Clawing Back Tuition Payments in Bankruptcy: Looking to Ancient and Recent History to Define the Future

By Huish, Derek A. | Iowa Law Review, May 2019 | Go to article overview

Clawing Back Tuition Payments in Bankruptcy: Looking to Ancient and Recent History to Define the Future


Huish, Derek A., Iowa Law Review


I. Introduction

"Study the past if you would define the future."1

This quote, attributed to the famous Chinese philosopher Confucius, encapsulates a central theme of this Note as it explains, analyzes, and proposes solutions for a relatively new problem in bankruptcy law: tuition clawback lawsuits.2 While the circumstances of each tuition clawback lawsuit vary significantly, each shares a basic formula. First, they involve a parent or parents who, while insolvent,3 paid for an adult child's college tuition and relatively soon thereafter filed for bankruptcy. Then, during the bankruptcy proceedings, the trustee of the parents' bankruptcy estate attempts to use the avoidance powers bestowed by the Bankruptcy Code4 to "claw back" the tuition that was paid by the debtor-parents from either the university to which it was paid and/or the adult child for whom it was paid. Why? Trustees-who have a duty to maximize the value of the estate for creditors5-claim that the tuition payments are fraudulent transfers, and therefore, under the Bankruptcy Code, should go to the parents' creditors.6

Broadly defined, a fraudulent transfer is any transfer that has "the object, tendency, or effect of . . . defraud[ing] [a creditor], or the intent of which is to avoid some duty or debt."7 The Bankruptcy Code contains the two main types of fraudulent transfers that have repeatedly emerged throughout history8: A transfer can be actually fraudulent-a transfer within two years of filing for bankruptcy that was made with the actual intent to delay or prevent a creditor from obtaining the property?-or constructively fraudulent-a transfer within two years of filing for bankruptcy that was made while the debtor was insolvent and for which the debtor did not receive "reasonably equivalent value."10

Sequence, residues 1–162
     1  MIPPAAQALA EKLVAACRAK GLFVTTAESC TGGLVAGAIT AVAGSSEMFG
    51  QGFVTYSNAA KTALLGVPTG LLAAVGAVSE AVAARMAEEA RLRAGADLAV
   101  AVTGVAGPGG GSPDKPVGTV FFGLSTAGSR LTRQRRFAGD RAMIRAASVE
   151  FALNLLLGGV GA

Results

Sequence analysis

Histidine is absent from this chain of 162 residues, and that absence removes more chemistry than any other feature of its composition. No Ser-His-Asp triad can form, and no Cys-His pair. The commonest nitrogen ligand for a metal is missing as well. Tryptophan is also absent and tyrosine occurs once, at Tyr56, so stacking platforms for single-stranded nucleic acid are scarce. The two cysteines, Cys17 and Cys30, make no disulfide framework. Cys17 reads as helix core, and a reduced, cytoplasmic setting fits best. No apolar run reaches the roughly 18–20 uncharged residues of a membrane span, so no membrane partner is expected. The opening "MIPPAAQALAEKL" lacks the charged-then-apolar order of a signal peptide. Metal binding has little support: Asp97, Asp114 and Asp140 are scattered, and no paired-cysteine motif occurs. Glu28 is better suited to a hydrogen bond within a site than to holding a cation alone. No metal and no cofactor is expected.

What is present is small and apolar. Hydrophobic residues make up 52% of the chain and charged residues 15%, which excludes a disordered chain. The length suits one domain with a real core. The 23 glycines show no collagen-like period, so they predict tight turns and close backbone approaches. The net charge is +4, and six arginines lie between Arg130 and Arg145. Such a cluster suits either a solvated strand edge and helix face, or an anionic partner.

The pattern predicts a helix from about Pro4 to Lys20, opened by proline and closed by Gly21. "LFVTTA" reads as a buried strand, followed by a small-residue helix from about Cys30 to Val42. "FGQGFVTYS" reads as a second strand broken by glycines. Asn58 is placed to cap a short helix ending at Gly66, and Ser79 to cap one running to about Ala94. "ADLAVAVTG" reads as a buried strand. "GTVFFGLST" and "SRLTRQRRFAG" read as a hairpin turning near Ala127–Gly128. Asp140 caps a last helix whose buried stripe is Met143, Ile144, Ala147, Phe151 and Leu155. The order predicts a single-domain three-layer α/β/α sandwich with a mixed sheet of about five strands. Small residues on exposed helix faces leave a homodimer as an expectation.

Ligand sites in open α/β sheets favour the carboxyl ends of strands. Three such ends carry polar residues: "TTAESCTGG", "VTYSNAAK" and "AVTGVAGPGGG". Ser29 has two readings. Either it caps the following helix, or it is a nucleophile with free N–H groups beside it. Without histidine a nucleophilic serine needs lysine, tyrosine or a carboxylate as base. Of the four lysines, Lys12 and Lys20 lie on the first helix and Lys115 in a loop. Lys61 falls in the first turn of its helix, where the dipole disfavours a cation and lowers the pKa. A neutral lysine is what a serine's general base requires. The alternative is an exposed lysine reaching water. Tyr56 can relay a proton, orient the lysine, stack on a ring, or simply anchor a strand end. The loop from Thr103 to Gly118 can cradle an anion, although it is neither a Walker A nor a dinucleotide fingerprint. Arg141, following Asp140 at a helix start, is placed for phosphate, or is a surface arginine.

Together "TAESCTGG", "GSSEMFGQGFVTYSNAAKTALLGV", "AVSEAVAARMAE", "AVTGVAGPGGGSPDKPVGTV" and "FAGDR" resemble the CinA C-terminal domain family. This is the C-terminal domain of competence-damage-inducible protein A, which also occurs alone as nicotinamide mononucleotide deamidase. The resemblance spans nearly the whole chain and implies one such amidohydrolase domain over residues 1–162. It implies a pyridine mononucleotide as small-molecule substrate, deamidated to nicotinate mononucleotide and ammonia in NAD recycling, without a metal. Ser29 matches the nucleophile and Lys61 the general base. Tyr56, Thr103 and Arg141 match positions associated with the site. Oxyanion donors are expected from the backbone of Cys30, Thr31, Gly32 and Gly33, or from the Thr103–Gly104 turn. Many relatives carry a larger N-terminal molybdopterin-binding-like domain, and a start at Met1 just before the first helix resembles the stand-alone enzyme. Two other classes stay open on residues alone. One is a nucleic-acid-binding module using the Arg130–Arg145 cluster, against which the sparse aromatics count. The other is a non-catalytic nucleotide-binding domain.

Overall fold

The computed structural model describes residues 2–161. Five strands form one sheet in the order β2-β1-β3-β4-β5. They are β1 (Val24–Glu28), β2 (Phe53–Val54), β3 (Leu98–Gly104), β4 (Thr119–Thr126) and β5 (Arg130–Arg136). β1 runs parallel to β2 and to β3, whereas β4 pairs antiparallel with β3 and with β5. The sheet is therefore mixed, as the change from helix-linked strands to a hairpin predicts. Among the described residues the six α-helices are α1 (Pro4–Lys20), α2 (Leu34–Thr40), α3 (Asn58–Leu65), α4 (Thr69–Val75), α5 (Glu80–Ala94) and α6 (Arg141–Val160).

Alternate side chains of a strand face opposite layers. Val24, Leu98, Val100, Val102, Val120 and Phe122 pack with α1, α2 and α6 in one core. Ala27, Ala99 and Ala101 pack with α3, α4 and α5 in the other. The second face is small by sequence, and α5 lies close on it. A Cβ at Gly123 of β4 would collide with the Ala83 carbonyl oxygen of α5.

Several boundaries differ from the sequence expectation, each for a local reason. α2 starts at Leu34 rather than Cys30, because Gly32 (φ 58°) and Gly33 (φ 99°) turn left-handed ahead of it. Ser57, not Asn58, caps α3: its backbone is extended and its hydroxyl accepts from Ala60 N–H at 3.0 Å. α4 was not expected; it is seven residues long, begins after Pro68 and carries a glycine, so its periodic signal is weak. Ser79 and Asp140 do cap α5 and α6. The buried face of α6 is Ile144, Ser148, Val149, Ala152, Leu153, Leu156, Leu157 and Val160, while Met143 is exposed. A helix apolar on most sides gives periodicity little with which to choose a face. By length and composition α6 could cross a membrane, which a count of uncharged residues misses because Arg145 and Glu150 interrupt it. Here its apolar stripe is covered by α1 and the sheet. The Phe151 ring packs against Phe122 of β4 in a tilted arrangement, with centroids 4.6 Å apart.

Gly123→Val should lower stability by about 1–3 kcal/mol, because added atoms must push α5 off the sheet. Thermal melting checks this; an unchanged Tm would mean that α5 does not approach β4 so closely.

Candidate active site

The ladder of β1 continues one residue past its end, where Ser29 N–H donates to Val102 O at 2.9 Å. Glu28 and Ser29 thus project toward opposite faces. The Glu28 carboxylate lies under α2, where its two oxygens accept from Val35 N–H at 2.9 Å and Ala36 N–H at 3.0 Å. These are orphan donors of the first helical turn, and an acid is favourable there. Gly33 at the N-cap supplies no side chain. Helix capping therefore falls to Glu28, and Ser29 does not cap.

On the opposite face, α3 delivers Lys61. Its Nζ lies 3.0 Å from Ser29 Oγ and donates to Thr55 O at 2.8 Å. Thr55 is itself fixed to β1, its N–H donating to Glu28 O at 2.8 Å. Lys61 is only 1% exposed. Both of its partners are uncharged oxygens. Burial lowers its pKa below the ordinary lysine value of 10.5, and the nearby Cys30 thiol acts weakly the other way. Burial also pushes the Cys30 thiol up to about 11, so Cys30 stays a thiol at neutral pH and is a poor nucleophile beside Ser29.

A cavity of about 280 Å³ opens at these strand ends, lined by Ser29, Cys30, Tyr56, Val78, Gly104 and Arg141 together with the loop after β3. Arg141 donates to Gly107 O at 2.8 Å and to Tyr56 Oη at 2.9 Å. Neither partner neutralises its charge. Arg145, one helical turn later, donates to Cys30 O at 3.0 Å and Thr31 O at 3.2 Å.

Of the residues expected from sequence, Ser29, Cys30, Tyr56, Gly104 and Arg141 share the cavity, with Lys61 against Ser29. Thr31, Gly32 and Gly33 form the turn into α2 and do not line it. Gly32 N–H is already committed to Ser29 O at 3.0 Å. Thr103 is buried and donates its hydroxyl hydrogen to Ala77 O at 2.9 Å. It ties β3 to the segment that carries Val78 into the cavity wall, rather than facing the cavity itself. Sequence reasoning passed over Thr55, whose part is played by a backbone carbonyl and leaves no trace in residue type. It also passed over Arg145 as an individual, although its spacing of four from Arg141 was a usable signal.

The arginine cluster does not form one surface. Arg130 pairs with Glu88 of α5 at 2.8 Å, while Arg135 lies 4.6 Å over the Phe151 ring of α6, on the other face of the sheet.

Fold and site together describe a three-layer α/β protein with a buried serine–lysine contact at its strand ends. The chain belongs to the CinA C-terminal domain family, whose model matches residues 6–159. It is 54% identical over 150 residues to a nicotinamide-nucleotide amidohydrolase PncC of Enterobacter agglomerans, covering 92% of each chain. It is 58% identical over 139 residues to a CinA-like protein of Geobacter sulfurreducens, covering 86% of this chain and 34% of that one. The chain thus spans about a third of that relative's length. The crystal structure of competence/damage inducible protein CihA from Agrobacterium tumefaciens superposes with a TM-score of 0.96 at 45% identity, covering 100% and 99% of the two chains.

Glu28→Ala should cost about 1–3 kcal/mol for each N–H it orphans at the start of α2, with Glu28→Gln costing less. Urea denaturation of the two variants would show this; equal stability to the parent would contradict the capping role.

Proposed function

When considering whether tuition payments by insolvent parents fall into either of these two types of fraudulent transfers, one can certainly imagine that a parent could actually intend to deprive creditors of money in an upcoming bankruptcy by using it to pay for a child's tuition in the present. But does or would that ever really happen? Furthermore, even if certain tuition payments were not actual fraudulent transfers, they could still be constructively fraudulent transfers if the parents made the payments while insolvent and a court determined that the tuition paid for the adult child did not provide reasonably equivalent value to the parents. If the tuition payments do not provide reasonably equivalent value to the parents who make them, then every parent who is insolvent and pays for an adult child's tuition within two years11 of filing for bankruptcy is making a constructively fraudulent transfer. Is that really the conclusion the law demands? If so, should it be?

To analyze these issues and answer these questions, this Note looks to history, both ancient and recent. To help with this process, this Note presents an Appendix cataloging 152 tuition clawback lawsuits that have arisen, many of which are discussed and cited throughout this Note. In Part II, this Note explores why tuition clawback lawsuits are concerning, what they look like, and the society in which they have emerged. Part III examines the historical development of fraudulent transfer law, starting at its ancient origins and finishing at the modern day. Part IV, looks at tuition clawback lawsuits that have been ruled on, revealing some common patterns and the split among bankruptcy courts regarding whether tuition payments for an adult child provide reasonably equivalent value to their insolvent debtor-parents. Part V analyzes the reasoning of bankruptcy courts on both sides of the split. It analyzes the question of whether or "[w] hen is it OK for financially struggling parents to pay for a child's college education?"12 It focuses on whether the law views these parental tuition payments as fraudulent transfers,13 as well as whether society views them as fraudulent or impermissible debtor conduct. …

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